What is Keratotomy?
Keratotomy is defined as any surgical cut into the cornea. The cornea is the clear tissue which covers the front part of the eye. Keratotomy is a surgical procedure performed by an eye surgeon known as an ophthalmologist. It is commonly done to neutralize the eye’s prescription and get rid of the need to wear eyeglasses, similar to LASIK refractive surgery.
Radial keratotomy is refractive surgery that cuts into the cornea to change the eyeglasses prescription. A Radial keratotomy is done to eliminate nearsightedness or myopia. Radial Keratotomy was used in the 1970s, before the invention of LASIK refractive surgery in 1998. Nowadays, radial keratotomy is considered an outdated surgery due to more precise technology such as LASIK refractive surgery. However, keratotomy techniques are still used to treat astigmatism during cataract surgery.
- Keratotomy is any surgical procedure that involves cutting the cornea.
- Keratotomy is typically performed to change the prescription of the eye.
- Radial keratotomy was mostly used in the 1970s prior to the invention of LASIK refractive surgery.
The cornea is the transparent tissue that covers the front part of the eye and focuses light. There are many surgeries that can be done to the cornea. All of the surgeries have similar sounding names since they use the prefix kerato-, meaning cornea. Here’s a breakdown of corneal surgeries:
- Keratotomy: A small cut into the cornea
- Keratomileusis: Reshaping of the cornea, usually by laser
- Keratectomy: Removal of part of the cornea
- Keratoplasty: Removal and replacement of the cornea with donor tissue (ie corneal transplant)
The quality of your vision depends on how well your cornea focuses light. If the cornea is unable to focus light onto the back of the eye, known as the retina, then the vision will be blurry. A refractive error occurs when light is not focused onto the retina. One such refractive error is nearsightedness. Nearsightedness happens when the cornea focuses light in front of the retina, instead of directly onto it. A keratotomy surgery is done to perfectly shape the cornea so that it bends light properly. Keratotomy is an eye surgery used to correct refractive errors such as mild nearsightedness or astigmatism.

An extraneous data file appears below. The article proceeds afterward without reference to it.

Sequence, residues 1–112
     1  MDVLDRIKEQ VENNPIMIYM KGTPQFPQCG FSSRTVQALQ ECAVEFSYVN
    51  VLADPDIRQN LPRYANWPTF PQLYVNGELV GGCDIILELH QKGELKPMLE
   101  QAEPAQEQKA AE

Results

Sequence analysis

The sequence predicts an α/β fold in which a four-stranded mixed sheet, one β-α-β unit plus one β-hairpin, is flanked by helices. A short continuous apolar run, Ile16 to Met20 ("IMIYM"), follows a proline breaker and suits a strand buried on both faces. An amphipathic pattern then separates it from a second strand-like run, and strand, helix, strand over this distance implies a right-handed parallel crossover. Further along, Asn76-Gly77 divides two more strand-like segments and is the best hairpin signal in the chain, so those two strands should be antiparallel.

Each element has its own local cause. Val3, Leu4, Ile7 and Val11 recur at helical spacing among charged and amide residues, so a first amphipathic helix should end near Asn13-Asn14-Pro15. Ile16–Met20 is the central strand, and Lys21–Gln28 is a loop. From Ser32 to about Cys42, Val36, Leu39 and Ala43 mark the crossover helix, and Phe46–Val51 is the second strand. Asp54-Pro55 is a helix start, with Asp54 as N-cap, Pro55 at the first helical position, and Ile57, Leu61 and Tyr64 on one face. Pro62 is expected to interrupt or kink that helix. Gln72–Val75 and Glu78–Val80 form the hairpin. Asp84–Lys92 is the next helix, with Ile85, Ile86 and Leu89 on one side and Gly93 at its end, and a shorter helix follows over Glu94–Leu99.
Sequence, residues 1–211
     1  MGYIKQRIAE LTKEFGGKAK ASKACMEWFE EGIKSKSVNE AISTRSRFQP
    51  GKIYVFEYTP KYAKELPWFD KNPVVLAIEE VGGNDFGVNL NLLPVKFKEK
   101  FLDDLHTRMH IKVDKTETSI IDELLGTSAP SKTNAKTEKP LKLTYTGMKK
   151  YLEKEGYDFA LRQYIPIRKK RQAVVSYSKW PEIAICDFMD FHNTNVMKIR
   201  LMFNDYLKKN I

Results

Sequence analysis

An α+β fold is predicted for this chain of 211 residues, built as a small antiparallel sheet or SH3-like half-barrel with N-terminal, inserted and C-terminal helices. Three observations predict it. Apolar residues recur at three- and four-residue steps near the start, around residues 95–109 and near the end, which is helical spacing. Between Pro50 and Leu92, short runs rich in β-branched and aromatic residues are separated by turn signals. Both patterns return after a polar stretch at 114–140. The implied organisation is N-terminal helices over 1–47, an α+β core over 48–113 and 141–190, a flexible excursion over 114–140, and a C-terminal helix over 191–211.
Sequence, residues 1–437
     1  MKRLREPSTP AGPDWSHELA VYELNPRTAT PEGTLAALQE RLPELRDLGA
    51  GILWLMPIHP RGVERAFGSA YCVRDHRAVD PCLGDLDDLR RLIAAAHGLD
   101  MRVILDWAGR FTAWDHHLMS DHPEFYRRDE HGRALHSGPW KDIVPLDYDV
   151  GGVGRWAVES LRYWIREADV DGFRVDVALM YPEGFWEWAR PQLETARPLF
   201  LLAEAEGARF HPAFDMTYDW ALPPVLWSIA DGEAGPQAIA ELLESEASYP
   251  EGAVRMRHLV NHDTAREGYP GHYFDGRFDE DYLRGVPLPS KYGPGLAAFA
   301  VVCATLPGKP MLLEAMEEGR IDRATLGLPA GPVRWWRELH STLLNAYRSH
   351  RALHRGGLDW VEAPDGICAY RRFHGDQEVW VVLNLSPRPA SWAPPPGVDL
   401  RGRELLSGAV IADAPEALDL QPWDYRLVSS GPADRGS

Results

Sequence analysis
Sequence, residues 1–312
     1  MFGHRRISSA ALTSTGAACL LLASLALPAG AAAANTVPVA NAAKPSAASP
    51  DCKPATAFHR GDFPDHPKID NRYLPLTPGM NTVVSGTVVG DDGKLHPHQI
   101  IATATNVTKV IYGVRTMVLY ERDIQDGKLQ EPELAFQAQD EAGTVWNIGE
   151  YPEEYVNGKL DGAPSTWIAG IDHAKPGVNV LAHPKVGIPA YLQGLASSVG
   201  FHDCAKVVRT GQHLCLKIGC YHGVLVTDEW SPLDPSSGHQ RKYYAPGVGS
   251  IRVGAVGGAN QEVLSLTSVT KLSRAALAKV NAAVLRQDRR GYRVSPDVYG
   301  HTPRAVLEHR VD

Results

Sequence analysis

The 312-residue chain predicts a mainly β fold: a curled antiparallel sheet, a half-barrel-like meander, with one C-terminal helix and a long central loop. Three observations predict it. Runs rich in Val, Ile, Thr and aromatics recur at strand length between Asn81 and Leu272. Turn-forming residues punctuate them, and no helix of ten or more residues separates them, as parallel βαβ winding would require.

Types of Keratotomy
- Radial Keratotomy
Radial keratotomy is a surgery used to correct mild amounts of nearsightedness, or myopia. The aim of radial keratotomy is to flatten the central part of the cornea. The surgery is done by making eight small cuts, or incisions, into the cornea. These cuts are made in the peripheral areas of the cornea. The eight cuts form a star shaped pattern circumferentially around the cornea. Radial keratotomy was the first refractive surgical procedure to gain popularity in North America. However, it was gradually replaced by photorefractive keratectomy (PRK) and laser-assisted in situ keratomileusis (LASIK). Nowadays, radial keratotomy refractive surgery is rarely performed.
- Astigmatic Keratotomy
This surgery is used to correct astigmatism. Astigmatism is a refractive error in which the cornea is not perfectly round, so it has two different prescription powers. Astigmatism is not an eye disease, but rather a ‘focusing’ issue similar to nearsightedness or farsightedness. Astigmatic keratotomy is similar to radial keratotomy, but the cuts made into the cornea are in a curved pattern. Astigmatic keratotomy is usually only carried out alongside cataract surgery. Making small cuts into the cornea flattens its shape and decreases low amounts of astigmatism.
Complications Of Keratotomy
Keratotomy surgery complications include:
A moderate amount of eye discomfort may be experienced in the days following surgery.
- Light Sensitivity
Light sensitivity, known as photophobia, happens for two to four weeks after the surgery. It occurs due to mild inflammation. Eye drops are prescribed to minimize the inflammation. Wearing sunglasses helps with glare and light sensitivity as well.
- Corneal Damage
The surface of the eye may become superficially damaged or eroded from the blade used in the keratotomy. The cornea’s surface usually regenerates itself within a week and this damage goes away.
- Blurry Vision
In the first few months following keratotomy, some patients may experience fluctuations in vision. The area around the wound may swell, which affects the vision. The prescription gradually stabilizes and the vision becomes clear as the swelling goes down.